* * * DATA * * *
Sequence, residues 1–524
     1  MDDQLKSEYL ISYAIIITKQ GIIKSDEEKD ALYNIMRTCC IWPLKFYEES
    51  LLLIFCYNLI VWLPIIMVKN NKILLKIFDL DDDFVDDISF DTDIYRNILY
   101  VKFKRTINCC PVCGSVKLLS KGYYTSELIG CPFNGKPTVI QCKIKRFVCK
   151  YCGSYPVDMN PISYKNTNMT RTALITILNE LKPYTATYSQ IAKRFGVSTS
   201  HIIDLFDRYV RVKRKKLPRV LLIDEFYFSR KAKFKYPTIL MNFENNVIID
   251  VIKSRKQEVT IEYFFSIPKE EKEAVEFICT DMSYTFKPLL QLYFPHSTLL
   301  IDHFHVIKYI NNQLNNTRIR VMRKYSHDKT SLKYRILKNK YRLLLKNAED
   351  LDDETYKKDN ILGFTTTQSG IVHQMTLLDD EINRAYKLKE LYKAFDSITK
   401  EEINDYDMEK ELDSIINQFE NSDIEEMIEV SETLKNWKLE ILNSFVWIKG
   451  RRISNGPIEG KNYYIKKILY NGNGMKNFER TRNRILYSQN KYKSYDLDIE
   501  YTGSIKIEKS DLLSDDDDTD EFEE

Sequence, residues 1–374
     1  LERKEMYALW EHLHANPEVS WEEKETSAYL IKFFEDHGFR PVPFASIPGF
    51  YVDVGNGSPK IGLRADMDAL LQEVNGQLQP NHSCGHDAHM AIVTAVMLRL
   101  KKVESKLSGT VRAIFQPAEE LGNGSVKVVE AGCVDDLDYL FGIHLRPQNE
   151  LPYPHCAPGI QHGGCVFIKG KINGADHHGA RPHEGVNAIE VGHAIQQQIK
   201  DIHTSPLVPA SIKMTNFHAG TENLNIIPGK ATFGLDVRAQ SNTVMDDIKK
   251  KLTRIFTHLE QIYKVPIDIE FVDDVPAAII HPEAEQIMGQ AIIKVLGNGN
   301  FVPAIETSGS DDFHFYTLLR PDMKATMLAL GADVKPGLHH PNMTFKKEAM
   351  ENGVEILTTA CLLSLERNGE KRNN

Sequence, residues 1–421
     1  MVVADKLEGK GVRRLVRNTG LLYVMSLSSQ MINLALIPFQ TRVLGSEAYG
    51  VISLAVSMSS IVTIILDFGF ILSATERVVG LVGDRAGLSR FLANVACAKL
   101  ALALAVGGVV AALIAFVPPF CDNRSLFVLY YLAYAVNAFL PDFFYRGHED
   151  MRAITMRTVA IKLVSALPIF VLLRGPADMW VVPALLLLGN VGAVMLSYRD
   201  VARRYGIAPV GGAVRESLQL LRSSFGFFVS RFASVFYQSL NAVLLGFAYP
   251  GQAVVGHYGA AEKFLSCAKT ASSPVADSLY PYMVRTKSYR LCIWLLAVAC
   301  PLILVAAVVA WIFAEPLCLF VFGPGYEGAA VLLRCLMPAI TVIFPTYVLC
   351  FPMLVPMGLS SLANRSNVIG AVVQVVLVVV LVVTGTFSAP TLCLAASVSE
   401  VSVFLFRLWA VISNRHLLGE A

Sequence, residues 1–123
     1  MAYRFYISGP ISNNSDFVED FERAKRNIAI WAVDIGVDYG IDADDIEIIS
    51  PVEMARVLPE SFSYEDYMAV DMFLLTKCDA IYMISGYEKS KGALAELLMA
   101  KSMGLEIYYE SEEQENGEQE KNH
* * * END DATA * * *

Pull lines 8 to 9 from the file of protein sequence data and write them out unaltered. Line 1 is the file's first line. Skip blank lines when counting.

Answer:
   301  IDHFHVIKYI NNQLNNTRIR VMRKYSHDKT SLKYRILKNK YRLLLKNAED
   351  LDDETYKKDN ILGFTTTQSG IVHQMTLLDD EINRAYKLKE LYKAFDSITK